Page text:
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## Investment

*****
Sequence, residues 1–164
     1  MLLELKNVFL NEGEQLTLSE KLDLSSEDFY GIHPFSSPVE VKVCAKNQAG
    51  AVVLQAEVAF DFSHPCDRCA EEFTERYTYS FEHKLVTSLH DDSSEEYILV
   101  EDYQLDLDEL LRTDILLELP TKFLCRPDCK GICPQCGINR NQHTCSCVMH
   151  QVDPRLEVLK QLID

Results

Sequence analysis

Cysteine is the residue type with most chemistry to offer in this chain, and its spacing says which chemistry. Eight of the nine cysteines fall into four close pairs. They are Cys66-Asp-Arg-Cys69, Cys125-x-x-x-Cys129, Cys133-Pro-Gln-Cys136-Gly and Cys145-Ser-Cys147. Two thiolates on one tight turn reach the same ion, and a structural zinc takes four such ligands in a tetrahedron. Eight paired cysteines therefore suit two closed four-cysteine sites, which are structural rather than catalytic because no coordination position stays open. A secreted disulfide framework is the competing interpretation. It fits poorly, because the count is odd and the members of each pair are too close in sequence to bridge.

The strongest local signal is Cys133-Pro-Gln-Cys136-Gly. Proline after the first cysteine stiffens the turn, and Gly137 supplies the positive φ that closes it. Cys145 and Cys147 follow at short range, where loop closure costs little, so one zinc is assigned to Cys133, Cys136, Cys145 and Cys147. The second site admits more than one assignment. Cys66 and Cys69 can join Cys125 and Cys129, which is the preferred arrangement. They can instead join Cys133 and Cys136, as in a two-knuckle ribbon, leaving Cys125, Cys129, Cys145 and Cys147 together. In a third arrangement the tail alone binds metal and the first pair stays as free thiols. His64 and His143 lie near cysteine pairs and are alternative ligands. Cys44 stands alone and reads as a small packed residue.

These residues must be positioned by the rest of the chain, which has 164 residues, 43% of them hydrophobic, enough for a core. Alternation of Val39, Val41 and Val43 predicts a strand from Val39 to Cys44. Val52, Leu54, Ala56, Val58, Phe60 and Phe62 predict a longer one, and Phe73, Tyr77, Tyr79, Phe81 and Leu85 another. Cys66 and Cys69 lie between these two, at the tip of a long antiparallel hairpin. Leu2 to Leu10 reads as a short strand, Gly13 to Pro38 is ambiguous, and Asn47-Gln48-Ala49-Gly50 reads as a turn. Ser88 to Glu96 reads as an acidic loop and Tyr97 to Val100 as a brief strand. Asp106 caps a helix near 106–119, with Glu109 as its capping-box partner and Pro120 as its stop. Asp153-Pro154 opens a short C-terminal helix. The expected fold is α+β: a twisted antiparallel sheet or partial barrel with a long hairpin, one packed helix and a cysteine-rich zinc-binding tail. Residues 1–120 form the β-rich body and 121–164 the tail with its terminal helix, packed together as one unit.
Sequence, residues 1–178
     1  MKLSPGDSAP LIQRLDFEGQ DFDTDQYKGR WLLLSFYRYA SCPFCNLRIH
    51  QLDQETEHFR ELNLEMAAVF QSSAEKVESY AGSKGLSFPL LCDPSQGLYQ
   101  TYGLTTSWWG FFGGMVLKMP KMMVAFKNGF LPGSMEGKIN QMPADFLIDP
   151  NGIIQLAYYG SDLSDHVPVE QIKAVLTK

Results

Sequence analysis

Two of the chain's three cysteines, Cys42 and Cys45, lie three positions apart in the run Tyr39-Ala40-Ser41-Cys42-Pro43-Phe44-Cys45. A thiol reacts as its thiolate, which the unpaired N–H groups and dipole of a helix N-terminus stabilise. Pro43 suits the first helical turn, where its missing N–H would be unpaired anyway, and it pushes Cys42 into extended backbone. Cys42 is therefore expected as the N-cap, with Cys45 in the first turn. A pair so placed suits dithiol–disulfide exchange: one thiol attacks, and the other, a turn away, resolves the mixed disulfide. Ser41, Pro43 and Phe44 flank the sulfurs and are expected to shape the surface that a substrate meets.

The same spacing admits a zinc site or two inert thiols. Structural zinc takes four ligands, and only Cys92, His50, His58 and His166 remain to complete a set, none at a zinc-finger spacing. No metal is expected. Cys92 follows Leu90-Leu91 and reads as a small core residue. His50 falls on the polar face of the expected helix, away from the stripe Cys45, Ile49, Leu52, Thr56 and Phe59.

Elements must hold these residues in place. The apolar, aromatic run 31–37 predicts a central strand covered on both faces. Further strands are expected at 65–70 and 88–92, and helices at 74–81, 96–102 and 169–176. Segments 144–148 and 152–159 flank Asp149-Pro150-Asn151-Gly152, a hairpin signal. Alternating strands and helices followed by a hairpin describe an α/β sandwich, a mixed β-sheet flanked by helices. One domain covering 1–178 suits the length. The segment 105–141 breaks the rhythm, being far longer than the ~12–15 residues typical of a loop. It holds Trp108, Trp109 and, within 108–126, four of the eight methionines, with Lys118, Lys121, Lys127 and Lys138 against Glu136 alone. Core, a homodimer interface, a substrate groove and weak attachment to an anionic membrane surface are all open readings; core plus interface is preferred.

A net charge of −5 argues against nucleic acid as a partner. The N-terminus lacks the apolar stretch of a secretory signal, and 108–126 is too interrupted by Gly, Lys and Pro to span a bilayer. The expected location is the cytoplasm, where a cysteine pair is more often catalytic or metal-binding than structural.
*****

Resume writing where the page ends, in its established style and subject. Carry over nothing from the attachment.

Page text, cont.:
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**Investment**Chapter 14**Students Should Be Able to:**• Calculate Average and Marginal product of capital. • Calculate the real and nominal rental cost of capital • Calculate the optimal capital stock as a function of the cost of capital. • lculate Tobin’s q to estimate the desirability of corporate investment. • Evaluate relationship between leverage and investment.**Terminology: Investment**• We use the term investment to refer to real expenditure (public and/or private) on tangible assets. • We call the stock of tangible assets capital or physical capital. • The unit of measure of aggregate capital is dollars. • Gross Investment refers to purchases of new investment. • Net Investment is Gross Investment minus depreciation.**Components of Investment**• Investment • Fixed Investment • Residential Investment • Business Investment • Structures • Machinery & Equipment • Changes in Stocks – Inventory Investment**Investment Facts**• Investment expenditure is a substantial share of GDP, but not as large as consumption. • Fixed and inventory investment are closely correlated with the business cycle. • Investment is an especially volatile part of GDP.**Investment as a share of GDP: East Asia**Easterly, Rodriguez, and Schmidt-Hebbel "Public Sector Deficits and Macroeconomic Performance." (Statistical appendix) 1994 and Bruno and Easterly JME 1998.**Investment as a share of GDP: East Asia 1997**Easterly, Rodriguez, and Schmidt-Hebbel "Public Sector Deficits and Macroeconomic Performance." (Statistical appendix) 1994 and Bruno and Easterly JME 1998.**Marginal Analysis**• Economists use marginal analysis to determine an optimal level of an activity. • Most activities have diminishing marginal returns. • Marginal returns are the extra benefit received from doing a bit more of the activity. • Do more of the activity until that point when marginal returns from doing a bit more of the activity start to become more than the cost of the activity.**Optimal Capital**• Benefit of owning capital is that it allows us to produce more goods. • Marginal product of capital is the extra revenue from the extra goods we could produce if we had just a bit more capital. • MPK can be measured in either nominal, current price (PMPK) or real, constant price (MPK) terms. • Capital has diminishing returns. MPK is a decreasing function of the capital stock.**Productivity of Capital**• The productivity or average productivity of capital is the revenue generated per dollar of capital. • APK is value of output divided by the capital stock. • Value can be measured in constant or current price terms. • Marginal productivity of capital is often thought to be roughly proportional to average productivity capital.**MPK**K**Cost of Capital**• Economists define the (time) cost of capital as the cost of holding a unit of capital for a period of time. • A firm invests in capital equipment for a period. • The firm borrows money upfront to finance the purchase. • The firm produces goods and generates revenues. • The firm sells the capital at the end of the period, typically at less than the purchase price due to wear and tear. • The firm repays loan. • Cost of using capital includes interest payment plus loss on the resale of capital.**A firm borrows to buy 1 capital good at interest**rate 1+i. The firm produces PMPKt+1 worth of goods and sells the capital good for . Optimal to buy capital good as long as pay-off is greater than the cost. Optimal Condition Definition of Capital Cost Optimal Capital Example.**Capital Cost**• We can divide the capital cost into three parts. • Interest cost: Net interest rate. • Depreciation: Defined as change in value due to aging. • Capital gain: Defined as change in value due to change in price of new goods.**Real Capital Cost**• We can convert the optimal capital equation into real terms by dividing both sides by the price level. • Define the real price of capital good as price of capital good relative to the firm’s output price.**Example**• A taxi agency can produce a certain amount of revenue with larger numbers of taxis (K = # of Taxis). • Assume earnings (revenues minus wages minus costs) per year is given by the schedule • Assume that the purchase price of a new taxi (with license) is $1,000,000. The borrowing interest cost is 4% and a taxi’s value depreciates by 8% per year. We assume that taxi’s prices increase by 2% per year.**The extra earnings generated by moving from 5 taxis to 6**taxis is less than cost of capital. Maximum profits occurs where marginal cost equals marginal earnings. Optimum Number of Taxis**Optimal Capital: Example**• Solve for Optimal Level of Capital**MPK**rck K K***Q: Why does MPK slope down.**A: Diminishing returns to capital. Each additional unit of capital generates less additional revenue at a given workforce and technology level. Q: What shifts the MPK curve. A: Changes in productivity of capital. An increase in workforce or technology will make capital more productive and shift MPK curve out. MPK & Optimal Capital**MPK**MPK’ rck K K* K****MPK**rck’ rck K K** K***Investment Volatility**• The stock of capital may not be particularly volatile over the business cycle. • Capital stock is much larger than the flow of new investment in a given year, perhaps 10-15 times as large. • A 1% reduction in optimal capital stock will require a 10% reduction in investment.**Tax Rates**• Corporations frequently must pay taxes on earnings. Define tax rate, . • Corporations also receive deductions for costs of capital Define deduction rates = (s1, s2, s3, ….) • Maximize after-tax profits implies that after-tax marginal product of capital = after-tax cost of capital. • Tax Wedge, tw, is defined as the extra cost of capital beyond the interest rate.**Which cost of capital?**• Which interest rates should we use to calculate the cost of capital. • This depends on several things including the risk of the investment project & flexibility and duration. • If capital project is risky, we might apply a risk premium (i.e. use the interest rate on a risky bond). • If capital project is necessarily long term, we might use a long term interest rate.**q theory & Corporate Investment**• A benchmark theory of corporate investment is that investment is a function of a quantity q. • The measure of q for a firm is • The market value of a publicly listed firm without debt is market capitalization (stock price * shares outstanding). • The market value of a publicly listed firm with debt is the market capitalization plus value of debt (i.e. the cost of owning the firm lock, stock and barrel).**Market Capitalization = Stock Price × # of Shares**Proxy for Replacement Value of Capital – Book Value of PP&E. Proxy for Firm Value = Market Capitalization + Book Value of Total Debt Caveat: Intangible Assets (i.e. Technology) May Be Large for Some Firms (e.g. Acer Inc. has a 2000 q > 4). Caveat: Book value of PP&E may underestimate replacement costs of capital as it does not adjust for inflation. Firm Balance Sheets. Calculating q: China Steel 2000**q theory**• If value of firm is greater than the cost of capital (q > 1) than the value of capital inside the firm is greater than the value of capital outside the firm. • If q > 1, firm should have positive net investment. • If q = 1, firm should have zero net investment. • If q < 1, firm should have negative net investment.**q as Cost of Capital Theory**• We might think of q theory as similar to cost of capital theory for firms that get financing through the stock market. • Owners of equity have a claim to the profits of the firm. They might require a certain amount of profits relative to what they pay for the stock. • A firm generates a certain amount of profits per unit of capital**Q theory suggests that a rise in stock market prices could**be thought of as a decline in the cost of raising funds through equity. Empirically, q theory seems to do a poor job of explaining connections between the stock market and investment. Why? Many firms change their capital stock infrequently. Short-term fluctuations in stock market may have little effect. Stock market bubbles may keep stock prices from reflecting a realistic assessment of value of corporate capital. Firms may be limited in ability to raise funds in stock market. Investment & the Stock Market**Corporate Finance**• Two kinds of Finance • External Finance – Funds for investment raised through loans or issuing securities. • Internal Finance – Funds for investment raised through retaining profits instead of paying dividends. • Benchmark M-M Theory says investment decisions and firm value should not depend on sources of financing. Requirements: • No distortionary taxation • Perfect financial markets with perfect information.**Reality**• Internal Funds are cheaper form of financing than external funds. • Much of corporate financing is through internal finance. • Investment is more strongly affected by cash flow than q. • Cost of capital depends on collateral value that firms can pay if they default on loans or bonds.**MPK**rck K K***Change in Available Internal Funds**MPK rck K K* K****Conclusion**• Cost of capital includes interest costs plus depreciation costs plus capital losses plus tax wedge. • Capital stock that maximizes profits sets the marginal product of capital equal to the cost of capital. • Business cycle fluctuations of capital investment are due to fluctuations in productivity and cost of capital. • Investment is volatile because capital is large relative to investment in any given period. Small fluctuations in optimal capital have large effects on investment.**Conclusion pt. 2**• Optimal Capital Theory implies • Corporate Investment is a function of q (market value of firm relative to the replacement value of capital). • Real Estate prices are determined by rent divided by the determinants of the cost of capital. • In reality, internal funds are the dominant source of finance for investment. External Financing interest costs may depend on the state of firms balance sheets. • Firms’ balance sheets are an additional channel of business cycle volatility.